Prime Minister Fukuda — despite his decline in popularity, which he has said “can’t be helped” — gave another excellent speech, his second in two days, in which he outlined the nature of the problems facing Japan and the work that remains to be done. Continuing the soft approach that he has followed since taking office in September, Mr. Fukuda opened his address by praising the work of the recently finished special session and calling attention to the ways in which the government and the opposition were able to cooperate to pass legislation, despite the conflict over the anti-terror law.
He then correctly identified the problems facing Japan today: “In the midst of the change in the global economy symbolized by the rapid growth of China, India, and others, how do we preserve our country’s economic strength, how do we maintain our social security system in tough economic conditions, how do we deal with the problem of declining birth rates, how do we deal with the problems of expanding irregular employment and stagnant regional economies, and also, how do we deal with the fierce global competition in technology, and how do we deal with the problems of the global environment, natural resources, and energy?” He spoke of building a new Japan, not a beautiful Japan, and he said “our” — he emphatically did not lay down an ideological blueprint for this new Japan. Indeed, if Mr. Fukuda has an ideology, it is one that upends the traditional way of politics in Japan, elevating the people at the expense of the government and bureaucrats.
As expected, he emphasized the need of build a consumer-centered society. He stated five goals: (1) realizing a consumer-centered society; (2) securing the livelihood of the people by creating a new social security system; (3) constructing a vital economic system; (4) “realizing Japan as a peace cooperation state”; and (5) finding a way to a society that is both energy-efficient and prosperous. What follows is a long and detailed statement articulating how the government will pursue these goals. I doubt that he will have enough time and power to act on this agenda, but it’s important to note that Mr. Fukuda gets it. As I have suspected since he took office, Mr. Fukuda, far from being an aged functionary and tool of the factions, has a keen appreciation for the problems facing Japan today. He may not be flashy like former prime minister Koizumi, but in many ways he has a more constructive vision for Japan than the mercurial former prime minister. (Like Mr. Koizumi, I think Mr. Fukuda realizes that a new system will not emerge without political change. The political system has long been dead weight holding back Japan.) He recognizes the interconnectedness of the problems facing Japan; for example, towards the end of his address he spoke of the importance of changing the education system to enhance Japan’s international competitiveness. Unlike his predecessor, whose ideas about education harkened back to the Meiji-era rescript on education, Mr. Fukuda recognizes Japan’s responsibility to its children. (He also undoubtedly angered the conservative ideologues by noting that if Japan is to revise its constitution, revision has to be the result of broad consensus among all parties. For an illustration of the contrast between Mr. Fukuda and Mr. Abe, check out the picture of Mr. Abe in this article.)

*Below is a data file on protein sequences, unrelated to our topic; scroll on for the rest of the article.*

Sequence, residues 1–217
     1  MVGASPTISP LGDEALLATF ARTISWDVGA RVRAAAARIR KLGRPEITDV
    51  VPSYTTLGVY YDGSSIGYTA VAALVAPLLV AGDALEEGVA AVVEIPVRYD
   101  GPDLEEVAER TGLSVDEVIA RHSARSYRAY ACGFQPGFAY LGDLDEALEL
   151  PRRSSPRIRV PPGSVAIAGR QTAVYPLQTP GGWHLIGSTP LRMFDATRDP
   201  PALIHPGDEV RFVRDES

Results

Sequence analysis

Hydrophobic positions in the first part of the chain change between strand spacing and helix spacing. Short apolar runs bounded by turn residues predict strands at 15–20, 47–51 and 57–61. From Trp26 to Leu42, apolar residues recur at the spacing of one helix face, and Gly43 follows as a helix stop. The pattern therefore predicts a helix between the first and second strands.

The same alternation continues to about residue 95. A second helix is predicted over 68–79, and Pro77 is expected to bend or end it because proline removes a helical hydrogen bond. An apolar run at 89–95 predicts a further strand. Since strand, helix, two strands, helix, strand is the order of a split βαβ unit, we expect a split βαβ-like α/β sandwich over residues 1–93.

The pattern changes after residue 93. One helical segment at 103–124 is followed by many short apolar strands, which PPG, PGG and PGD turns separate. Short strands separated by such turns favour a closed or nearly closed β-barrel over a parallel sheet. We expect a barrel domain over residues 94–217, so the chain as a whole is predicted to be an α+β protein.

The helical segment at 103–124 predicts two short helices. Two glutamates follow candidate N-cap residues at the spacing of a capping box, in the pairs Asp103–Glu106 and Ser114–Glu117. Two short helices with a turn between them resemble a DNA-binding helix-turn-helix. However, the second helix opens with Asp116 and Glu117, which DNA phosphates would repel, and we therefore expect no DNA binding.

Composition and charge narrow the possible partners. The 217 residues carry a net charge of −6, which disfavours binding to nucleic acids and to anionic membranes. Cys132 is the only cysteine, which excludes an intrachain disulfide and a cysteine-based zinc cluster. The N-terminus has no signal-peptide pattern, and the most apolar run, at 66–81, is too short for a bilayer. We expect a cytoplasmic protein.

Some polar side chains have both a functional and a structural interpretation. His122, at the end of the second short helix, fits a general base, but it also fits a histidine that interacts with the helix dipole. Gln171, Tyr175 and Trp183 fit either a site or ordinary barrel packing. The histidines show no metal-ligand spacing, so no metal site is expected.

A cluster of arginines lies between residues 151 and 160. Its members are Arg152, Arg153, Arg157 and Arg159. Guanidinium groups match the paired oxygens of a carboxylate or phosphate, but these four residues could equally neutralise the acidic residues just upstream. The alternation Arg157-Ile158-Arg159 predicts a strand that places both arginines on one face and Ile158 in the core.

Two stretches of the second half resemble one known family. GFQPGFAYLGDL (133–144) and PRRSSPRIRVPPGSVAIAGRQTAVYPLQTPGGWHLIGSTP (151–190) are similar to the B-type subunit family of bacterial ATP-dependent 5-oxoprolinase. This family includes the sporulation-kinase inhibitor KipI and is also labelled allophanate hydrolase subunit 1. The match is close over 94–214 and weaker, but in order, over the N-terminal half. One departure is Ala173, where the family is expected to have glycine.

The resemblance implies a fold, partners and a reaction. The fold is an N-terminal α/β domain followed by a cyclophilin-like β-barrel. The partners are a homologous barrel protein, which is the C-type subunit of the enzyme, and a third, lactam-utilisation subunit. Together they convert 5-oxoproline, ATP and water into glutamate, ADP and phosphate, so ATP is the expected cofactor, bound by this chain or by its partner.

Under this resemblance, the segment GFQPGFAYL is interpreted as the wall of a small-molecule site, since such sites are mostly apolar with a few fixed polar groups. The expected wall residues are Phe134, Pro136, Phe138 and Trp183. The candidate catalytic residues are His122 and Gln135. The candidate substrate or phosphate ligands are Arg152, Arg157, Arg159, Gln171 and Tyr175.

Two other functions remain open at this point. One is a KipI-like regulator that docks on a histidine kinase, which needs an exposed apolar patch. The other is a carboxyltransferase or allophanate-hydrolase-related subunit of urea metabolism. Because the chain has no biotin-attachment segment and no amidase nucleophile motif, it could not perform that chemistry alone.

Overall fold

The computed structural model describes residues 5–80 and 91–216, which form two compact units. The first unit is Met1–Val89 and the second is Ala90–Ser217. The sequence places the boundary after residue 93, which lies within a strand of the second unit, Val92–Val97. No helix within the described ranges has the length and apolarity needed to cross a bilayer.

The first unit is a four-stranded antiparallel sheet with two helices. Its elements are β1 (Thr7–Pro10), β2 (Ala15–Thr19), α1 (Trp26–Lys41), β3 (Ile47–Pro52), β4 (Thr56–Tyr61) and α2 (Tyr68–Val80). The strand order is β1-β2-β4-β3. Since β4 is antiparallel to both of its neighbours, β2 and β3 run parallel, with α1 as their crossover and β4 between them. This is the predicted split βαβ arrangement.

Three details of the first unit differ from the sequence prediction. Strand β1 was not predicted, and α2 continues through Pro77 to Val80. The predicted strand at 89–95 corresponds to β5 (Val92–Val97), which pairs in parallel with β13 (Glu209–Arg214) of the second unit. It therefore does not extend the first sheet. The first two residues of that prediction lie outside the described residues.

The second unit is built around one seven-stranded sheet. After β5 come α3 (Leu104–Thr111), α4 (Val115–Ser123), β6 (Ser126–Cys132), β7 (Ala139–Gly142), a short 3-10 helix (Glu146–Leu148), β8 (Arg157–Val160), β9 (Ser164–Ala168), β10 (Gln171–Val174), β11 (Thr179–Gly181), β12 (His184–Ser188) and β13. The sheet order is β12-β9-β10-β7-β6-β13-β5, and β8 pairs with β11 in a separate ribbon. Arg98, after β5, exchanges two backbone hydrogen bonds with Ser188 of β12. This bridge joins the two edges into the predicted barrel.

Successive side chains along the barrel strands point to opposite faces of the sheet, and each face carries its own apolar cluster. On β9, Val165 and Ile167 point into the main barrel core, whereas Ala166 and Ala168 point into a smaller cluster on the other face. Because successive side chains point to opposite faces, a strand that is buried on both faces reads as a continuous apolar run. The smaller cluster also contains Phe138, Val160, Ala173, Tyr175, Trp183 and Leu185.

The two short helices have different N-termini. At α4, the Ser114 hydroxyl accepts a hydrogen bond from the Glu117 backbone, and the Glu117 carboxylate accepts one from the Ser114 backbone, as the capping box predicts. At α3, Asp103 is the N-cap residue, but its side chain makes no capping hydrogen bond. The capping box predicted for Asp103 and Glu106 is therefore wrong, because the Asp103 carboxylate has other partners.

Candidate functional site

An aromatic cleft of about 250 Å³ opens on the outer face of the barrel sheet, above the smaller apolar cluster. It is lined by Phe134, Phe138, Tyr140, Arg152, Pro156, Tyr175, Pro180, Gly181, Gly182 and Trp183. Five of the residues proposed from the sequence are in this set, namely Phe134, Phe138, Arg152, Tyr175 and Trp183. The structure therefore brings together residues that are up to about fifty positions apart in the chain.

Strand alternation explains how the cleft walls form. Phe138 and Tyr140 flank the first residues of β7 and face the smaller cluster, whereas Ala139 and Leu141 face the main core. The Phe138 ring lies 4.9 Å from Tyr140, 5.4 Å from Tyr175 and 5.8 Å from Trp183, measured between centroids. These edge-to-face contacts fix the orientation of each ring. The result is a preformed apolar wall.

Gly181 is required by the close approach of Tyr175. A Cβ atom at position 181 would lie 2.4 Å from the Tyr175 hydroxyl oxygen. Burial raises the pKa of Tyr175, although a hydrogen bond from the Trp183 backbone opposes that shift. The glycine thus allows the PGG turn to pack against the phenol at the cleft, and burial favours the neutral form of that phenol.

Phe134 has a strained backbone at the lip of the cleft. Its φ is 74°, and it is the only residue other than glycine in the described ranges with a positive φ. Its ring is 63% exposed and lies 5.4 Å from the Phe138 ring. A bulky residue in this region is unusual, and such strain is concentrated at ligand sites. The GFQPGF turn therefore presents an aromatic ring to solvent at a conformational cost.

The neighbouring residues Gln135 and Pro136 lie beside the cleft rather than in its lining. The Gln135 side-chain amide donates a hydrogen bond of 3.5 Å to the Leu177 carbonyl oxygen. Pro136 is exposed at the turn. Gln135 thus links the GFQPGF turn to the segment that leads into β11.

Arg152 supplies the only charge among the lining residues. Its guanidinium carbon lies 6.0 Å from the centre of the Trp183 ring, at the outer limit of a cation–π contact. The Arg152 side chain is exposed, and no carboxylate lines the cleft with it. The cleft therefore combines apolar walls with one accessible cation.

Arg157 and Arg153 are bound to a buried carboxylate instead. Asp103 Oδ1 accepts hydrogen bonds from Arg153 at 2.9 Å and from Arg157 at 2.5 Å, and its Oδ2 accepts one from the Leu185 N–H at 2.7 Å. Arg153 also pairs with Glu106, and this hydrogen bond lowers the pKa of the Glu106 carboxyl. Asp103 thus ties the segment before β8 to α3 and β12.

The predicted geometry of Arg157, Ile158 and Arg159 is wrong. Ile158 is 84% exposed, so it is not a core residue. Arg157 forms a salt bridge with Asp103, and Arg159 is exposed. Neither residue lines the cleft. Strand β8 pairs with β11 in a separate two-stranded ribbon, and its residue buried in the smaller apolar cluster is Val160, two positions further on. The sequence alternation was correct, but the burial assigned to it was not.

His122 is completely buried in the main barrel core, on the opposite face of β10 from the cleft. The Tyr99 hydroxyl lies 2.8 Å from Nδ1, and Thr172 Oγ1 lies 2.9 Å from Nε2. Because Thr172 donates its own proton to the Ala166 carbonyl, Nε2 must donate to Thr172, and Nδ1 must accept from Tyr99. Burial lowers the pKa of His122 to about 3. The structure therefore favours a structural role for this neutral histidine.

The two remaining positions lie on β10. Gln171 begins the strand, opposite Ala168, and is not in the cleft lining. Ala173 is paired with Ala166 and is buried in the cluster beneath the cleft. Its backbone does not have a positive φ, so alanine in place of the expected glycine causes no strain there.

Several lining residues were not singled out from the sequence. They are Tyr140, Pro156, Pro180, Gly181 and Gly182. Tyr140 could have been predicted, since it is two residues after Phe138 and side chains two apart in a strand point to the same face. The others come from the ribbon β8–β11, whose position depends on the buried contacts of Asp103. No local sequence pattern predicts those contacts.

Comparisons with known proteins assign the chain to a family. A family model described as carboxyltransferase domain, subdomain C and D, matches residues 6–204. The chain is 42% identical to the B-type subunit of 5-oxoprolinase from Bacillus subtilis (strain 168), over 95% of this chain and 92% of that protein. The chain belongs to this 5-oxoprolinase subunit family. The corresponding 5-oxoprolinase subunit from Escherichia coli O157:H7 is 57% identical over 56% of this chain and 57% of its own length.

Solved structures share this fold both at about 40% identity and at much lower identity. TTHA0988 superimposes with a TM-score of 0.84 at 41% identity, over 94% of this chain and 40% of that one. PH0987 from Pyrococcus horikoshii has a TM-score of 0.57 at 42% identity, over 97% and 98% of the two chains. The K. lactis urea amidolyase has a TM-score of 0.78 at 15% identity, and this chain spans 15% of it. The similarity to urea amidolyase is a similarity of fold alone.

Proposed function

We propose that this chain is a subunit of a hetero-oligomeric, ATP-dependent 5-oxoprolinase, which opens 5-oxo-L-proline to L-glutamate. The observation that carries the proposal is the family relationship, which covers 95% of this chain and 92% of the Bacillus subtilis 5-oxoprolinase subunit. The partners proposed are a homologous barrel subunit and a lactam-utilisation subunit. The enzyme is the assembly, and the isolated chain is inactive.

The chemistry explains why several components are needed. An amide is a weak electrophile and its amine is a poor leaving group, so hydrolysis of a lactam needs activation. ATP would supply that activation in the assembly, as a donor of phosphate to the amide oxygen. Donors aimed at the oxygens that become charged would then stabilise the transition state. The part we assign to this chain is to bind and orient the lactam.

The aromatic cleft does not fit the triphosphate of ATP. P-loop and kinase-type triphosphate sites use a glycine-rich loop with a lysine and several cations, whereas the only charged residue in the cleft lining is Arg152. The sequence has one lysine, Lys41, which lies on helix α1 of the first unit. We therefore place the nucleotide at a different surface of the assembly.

It is truly unfortunate that Mr. Fukuda was not elected LDP president and prime minister in September 2006, when he would have been in a position to move forward aggressively with this agenda. He would have control of both houses of the Diet, the goodwill of the public, and a sincere desire to tackle the problems facing Japan. Instead Japan got Mr. Abe, and the rest is, of course, history. Now Mr. Fukuda has to juggle a divided Diet, a divided party, and an insecure public that does not seem to be particularly willing to be patient while Mr. Fukuda tries to make progress on building a new Japan.
I do not think that Mr. Fukuda was exaggerating when he spoke of the scale of the problem facing Japan. As Ota Hiroko, his minister of economic policy, said yesterday, Japan is no longer a first-rate economic power. Takenaka Heizo, Mr. Koizumi’s reform czar, made the same point in an article in the February issue of Voice. Mr. Takenaka called Japan a “policy third-world country,” citing the government’s inability to resolve any of the long-standing economic problems facing Japan.
But I also think that Mr. Fukuda will be hard-pressed to address these problems in this Diet session, especially with the prospect of a general election looming over the proceedings. He will not be helped by talk of a consumption tax hike, which Finance Minister Nukaga Fukushiro dared to do yesterday. I don’t doubt that Mr. Fukuda’s approach will put pressure on the DPJ in a general election campaign — and may make the difference in the LDP’s keeping an HR majority — but the festering problems within the LDP may be enough to undermine his government fatally.
It may be the case that true reform will have to wait for regime change.